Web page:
If they spilled into our yard, they came and cleaned up the next day. 

Common Complaints from Nitpicky Neighbors 

There are some complaints between neighbors that occur no matter where you live.

Since everyone has different standards and lifestyles, it is only natural that there will be some conflicts between neighbors.

Throughout your life, you may find yourself on either side of these complaints as the complainer or the complained.

1.Dealing with Neighbors’ Complaints about Dogs and Cats

A common complaint neighbors have with one another centers around pets.

Dogs may bark, damaged fencing, escape and run wild through the neighborhood, poop in other people’s yards, and cause other problems.

Cats may kill birds and squirrels, invade other porches and damage furniture or window screens, have unwanted kittens, and so on. 

If your dog is causing a problem by barking or damaging property, then work on training the dog.

Give them more attention and teach them how to behave properly. Dogs are great learners and companions and can be very well behaved when they are taught how to.

If you struggle with teaching your dog, then take a class. When you walk the dog, clean up after them. No one wants to walk out into their yard and step in dog poop.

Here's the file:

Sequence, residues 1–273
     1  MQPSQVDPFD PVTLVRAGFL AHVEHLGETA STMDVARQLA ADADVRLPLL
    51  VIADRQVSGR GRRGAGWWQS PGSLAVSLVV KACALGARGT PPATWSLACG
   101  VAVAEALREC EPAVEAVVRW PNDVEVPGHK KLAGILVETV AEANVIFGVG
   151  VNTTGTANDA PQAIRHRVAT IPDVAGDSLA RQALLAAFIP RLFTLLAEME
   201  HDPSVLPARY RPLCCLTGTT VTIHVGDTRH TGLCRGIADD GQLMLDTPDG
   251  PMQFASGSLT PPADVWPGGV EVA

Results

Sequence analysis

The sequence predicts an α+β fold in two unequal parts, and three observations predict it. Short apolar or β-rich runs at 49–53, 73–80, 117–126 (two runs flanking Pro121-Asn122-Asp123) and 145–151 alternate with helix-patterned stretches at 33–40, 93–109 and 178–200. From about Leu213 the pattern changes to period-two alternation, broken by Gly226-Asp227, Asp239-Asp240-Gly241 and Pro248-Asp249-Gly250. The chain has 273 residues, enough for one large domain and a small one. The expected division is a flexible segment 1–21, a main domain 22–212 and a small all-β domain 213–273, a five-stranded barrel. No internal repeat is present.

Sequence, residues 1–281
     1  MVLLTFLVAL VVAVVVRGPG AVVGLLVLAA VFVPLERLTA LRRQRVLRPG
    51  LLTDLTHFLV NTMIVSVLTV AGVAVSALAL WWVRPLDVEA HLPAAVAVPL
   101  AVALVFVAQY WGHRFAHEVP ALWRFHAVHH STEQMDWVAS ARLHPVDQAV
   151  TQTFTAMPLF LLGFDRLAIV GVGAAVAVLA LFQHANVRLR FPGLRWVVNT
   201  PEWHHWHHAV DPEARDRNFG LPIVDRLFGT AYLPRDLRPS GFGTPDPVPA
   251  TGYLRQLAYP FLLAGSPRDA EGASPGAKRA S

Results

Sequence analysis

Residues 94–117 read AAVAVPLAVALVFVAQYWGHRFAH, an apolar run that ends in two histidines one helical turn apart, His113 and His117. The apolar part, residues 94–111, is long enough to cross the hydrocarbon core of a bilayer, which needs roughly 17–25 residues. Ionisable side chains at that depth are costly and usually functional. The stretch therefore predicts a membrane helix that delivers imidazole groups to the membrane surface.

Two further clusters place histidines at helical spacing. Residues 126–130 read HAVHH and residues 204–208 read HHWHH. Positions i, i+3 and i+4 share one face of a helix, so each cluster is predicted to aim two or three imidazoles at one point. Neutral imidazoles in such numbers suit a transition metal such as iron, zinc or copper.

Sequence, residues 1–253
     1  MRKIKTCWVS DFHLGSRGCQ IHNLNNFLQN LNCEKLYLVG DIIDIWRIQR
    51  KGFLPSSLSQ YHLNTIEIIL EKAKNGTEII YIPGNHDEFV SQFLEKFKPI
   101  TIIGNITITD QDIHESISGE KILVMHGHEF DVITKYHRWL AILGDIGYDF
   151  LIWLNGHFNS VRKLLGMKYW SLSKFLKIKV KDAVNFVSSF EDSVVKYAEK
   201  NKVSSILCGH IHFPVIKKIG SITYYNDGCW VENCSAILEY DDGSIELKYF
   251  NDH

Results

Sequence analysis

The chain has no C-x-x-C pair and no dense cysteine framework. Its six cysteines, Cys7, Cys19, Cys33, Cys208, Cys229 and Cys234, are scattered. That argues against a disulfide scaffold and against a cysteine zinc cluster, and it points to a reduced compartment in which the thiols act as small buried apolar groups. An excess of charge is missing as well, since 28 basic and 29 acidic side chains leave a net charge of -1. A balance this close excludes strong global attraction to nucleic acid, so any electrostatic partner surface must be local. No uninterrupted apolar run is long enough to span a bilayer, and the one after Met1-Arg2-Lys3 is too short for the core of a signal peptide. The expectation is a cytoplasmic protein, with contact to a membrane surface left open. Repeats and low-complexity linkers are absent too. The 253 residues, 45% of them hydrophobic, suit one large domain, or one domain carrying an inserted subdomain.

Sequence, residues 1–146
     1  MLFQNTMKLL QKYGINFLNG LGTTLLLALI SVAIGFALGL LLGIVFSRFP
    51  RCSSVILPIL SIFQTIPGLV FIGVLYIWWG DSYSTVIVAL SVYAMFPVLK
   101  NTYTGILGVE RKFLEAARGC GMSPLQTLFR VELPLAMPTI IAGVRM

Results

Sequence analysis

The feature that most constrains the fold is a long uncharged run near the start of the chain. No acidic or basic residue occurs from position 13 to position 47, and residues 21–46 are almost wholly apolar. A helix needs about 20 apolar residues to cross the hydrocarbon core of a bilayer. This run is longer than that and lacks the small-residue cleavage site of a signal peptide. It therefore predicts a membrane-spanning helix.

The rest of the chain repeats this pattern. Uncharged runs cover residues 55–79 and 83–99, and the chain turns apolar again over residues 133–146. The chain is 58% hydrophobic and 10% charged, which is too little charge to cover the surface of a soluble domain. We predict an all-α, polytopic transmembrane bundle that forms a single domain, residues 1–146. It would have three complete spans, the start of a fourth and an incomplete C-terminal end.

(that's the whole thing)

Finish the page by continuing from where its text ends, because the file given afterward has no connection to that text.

On the other hand, if your neighbor’s dog is the problem, document the problem and calmly discuss with your neighbor how to resolve it.

If their dog barks when they are gone, record it so they can hear it.

If the dog is tearing up the fence, take pictures and share that with them. Don’t just make accusations. Remember to be calm and kind when you approach the neighbor as well.

Cats are a bit more difficult than dogs. They are more than smart enough to train, but they choose not to.

If your cat is causing problems with the neighbors, consider making it an indoor cat.

If you have an outdoor cat, keep a collar with a bell on it. Cats are known for reducing the population of wild birds in the area.

Also, remember to spay and neuter your pets so that you and your neighbors don’t end up with unwanted puppies and kittens.

2.Dealing with Neighbors who Complain About Noise 

Apartment living often leads to noise complaints. Walls and floors are often not built with soundproofing and even everyday tasks like vacuuming and walking around may disturb your downstairs neighbors.

Noisy Neighbors

Children playing, the TV, and having company over can be noisy as well.